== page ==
An advisory committee to the Food and Drug Administration has recommended approval of an implantable version of buprenorphine, an opioid addiction treatment drug widely known as Suboxone.
The FDA’s Psychopharmacologic Drugs Advisory Committee voted 10 to 4 in favor of the implant, with one abstention. The implant was developed by Titan Pharmaceuticals (OTCBB:TTNP) and would be sold under the brand name Probuphine.
The advisory committee also voted in favor of the effectiveness (10 to 5) and safety (12 to 2) of Probuphine. However, a majority of the committee members abstained on the vote pertaining to the drug’s Risk Evaluation and Mitigation Strategy (REMS) program, which is still under review at the FDA.
The agency usually follows the guidance of its advisory committees. A final decision on Probuphine is expected by April 30th.
“We are pleased the Committee recognized the favorable benefit-risk profile of Probuphine and voted in strong favor of its approval,” said Kate Glassman-Beebe, PhD, executive vice president and chief development officer of Titan. “We look forward to working with the FDA to complete its review of Probuphine and remain committed to addressing the growing unmet needs in managing patients with opioid dependence.”
The Probuphine implant gives patients a steady dose of buprenorphine for up to 6 months via four to five rods, each about the size of a matchstick, that are implanted under the skin in the upper arm. Currently, buprenorphine is only available in tablet and film formulations (Suboxone).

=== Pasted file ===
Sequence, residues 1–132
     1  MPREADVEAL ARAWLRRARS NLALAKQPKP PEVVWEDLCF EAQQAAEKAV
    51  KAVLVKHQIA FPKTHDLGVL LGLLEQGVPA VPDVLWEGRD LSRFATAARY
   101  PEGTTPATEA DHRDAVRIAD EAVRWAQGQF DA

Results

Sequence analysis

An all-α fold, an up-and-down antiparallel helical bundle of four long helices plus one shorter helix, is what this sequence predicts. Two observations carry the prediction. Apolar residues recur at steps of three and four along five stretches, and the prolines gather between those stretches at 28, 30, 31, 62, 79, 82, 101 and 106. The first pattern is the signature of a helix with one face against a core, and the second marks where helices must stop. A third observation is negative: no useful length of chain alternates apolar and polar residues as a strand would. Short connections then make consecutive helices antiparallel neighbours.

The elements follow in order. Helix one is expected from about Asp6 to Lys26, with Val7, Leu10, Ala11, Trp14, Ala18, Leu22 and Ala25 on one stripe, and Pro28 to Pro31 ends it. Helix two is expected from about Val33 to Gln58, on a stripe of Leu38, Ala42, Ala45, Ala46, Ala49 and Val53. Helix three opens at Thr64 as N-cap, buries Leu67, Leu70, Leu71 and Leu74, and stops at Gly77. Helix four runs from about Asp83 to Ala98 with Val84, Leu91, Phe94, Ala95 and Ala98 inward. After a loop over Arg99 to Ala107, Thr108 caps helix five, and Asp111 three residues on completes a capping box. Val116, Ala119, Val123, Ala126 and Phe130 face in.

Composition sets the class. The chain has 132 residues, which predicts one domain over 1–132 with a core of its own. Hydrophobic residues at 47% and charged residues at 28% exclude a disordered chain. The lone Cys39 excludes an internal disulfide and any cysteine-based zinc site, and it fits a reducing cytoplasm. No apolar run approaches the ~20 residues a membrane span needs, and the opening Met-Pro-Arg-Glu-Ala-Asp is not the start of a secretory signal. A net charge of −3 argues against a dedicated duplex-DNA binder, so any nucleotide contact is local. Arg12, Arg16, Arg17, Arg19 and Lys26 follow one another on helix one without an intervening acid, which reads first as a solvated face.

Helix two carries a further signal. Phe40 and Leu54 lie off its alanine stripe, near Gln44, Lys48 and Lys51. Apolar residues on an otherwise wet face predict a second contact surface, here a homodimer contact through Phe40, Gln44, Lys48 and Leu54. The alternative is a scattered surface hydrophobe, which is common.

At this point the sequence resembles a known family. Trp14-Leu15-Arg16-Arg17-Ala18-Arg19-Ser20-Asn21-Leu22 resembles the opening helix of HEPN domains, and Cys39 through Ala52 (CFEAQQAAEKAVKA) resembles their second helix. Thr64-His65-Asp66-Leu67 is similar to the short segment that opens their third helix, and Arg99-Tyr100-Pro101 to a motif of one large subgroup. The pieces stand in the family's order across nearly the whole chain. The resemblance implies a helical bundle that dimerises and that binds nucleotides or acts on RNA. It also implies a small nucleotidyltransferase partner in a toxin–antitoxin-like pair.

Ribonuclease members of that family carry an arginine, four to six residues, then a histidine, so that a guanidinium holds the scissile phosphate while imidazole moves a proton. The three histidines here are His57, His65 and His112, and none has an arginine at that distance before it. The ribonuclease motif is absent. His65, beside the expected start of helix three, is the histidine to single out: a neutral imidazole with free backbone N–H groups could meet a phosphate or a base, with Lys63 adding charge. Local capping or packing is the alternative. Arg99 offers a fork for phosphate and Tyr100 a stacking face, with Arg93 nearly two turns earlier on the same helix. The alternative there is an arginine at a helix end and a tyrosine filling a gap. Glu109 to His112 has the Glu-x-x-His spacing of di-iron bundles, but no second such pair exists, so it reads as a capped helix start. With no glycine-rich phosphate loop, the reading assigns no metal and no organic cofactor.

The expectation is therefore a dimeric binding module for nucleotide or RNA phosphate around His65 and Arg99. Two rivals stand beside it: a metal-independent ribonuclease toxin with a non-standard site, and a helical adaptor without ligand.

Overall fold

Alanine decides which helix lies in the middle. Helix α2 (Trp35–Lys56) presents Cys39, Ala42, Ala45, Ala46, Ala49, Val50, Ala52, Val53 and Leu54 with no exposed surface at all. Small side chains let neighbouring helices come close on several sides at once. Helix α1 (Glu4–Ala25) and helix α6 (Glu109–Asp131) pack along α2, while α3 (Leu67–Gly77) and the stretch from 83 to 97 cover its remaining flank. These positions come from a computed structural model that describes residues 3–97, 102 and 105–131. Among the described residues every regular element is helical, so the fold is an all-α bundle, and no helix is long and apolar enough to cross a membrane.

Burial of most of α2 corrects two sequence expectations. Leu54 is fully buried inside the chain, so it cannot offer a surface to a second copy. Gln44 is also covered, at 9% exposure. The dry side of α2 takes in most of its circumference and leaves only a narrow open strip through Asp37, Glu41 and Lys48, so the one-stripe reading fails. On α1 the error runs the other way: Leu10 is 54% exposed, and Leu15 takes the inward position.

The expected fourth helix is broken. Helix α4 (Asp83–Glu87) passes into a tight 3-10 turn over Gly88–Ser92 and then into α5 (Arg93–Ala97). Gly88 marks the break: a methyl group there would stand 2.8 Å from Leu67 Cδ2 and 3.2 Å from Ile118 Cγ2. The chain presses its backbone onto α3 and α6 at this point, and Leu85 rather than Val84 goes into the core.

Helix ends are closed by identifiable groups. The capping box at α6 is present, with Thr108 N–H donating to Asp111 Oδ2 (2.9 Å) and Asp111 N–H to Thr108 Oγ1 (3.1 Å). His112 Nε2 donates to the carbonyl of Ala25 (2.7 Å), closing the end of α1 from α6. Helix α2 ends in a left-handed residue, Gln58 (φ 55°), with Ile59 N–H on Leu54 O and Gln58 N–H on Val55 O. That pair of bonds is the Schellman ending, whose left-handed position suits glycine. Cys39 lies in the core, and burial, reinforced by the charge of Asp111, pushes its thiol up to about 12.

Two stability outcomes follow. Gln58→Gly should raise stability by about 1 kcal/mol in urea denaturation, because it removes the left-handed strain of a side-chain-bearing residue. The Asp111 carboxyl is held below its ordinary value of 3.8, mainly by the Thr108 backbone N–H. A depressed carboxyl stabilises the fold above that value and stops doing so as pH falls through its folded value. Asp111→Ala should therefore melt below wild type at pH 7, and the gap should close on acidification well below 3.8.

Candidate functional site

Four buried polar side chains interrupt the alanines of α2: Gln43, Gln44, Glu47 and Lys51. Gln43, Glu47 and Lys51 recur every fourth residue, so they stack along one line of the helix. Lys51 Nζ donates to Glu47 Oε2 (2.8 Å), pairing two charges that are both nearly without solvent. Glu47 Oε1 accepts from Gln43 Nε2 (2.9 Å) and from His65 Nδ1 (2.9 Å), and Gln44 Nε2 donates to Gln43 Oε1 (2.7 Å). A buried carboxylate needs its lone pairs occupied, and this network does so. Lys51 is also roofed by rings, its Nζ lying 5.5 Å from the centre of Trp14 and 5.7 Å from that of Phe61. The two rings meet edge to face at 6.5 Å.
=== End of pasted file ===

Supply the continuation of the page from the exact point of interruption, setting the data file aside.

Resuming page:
FDA staff have questioned the effectiveness of the implant and suggested the dose was too low, noting in clinical trials that about half of the patients treated with Probuphine required additional oral doses of Suboxone to treat their opioid craving and withdrawal symptoms. The staff review said Probuphine does limit drug use but, “overall the experience was not what one might hope for.”
However, those same studies also found that patients treated with Probuphine had fewer urine samples that tested positive for opioids. And in one study, nearly two-thirds of the patients completed 24 weeks of treatment without reporting withdrawal symptoms.
Titan has an exclusive license agreement with Braeburn Pharmaceuticals to the commercialization rights for Probuphine in the United States and Canada. Titan received an upfront payment of $15.75 million from Braeburn and will receive up to $50 million if Probuphine is approved by the FDA. In addition, Titan will also receive royalties on net sales of Probuphine and additional payments if the implant is approved for other uses, such as treating chronic pain.
Titan and other drug makers are anxious to enter the lucrative market for Suboxone. Sales of Suboxone tablets and film reached $1.3 billion in the U.S. in 2011 and are growing by about 10% annually. Last month the FDA approved generic tablet versions of Suboxone, effectively ending a decade-long monopoly that a British Pharmaceutical company, Reckitt Benckiser, had on sales of the drug.
Buprenophine (Suboxone) is an opioid that was first approved as a treatment for opioid addiction in the U.S. in 2002. Over three million Americans with opioid dependence have been treated with Suboxone. Although praised by addiction experts as a tool to wean addicts off opioids, some are fearful the drug is being overprescribed and misused, leading to even more addiction.
Titan believes Probuphine is safer and less likely to be abused then oral forms of buprenorphine because the implant is placed by a physician and is not readily accessible to patients, thereby reducing the potential for overdose, abuse and diversion.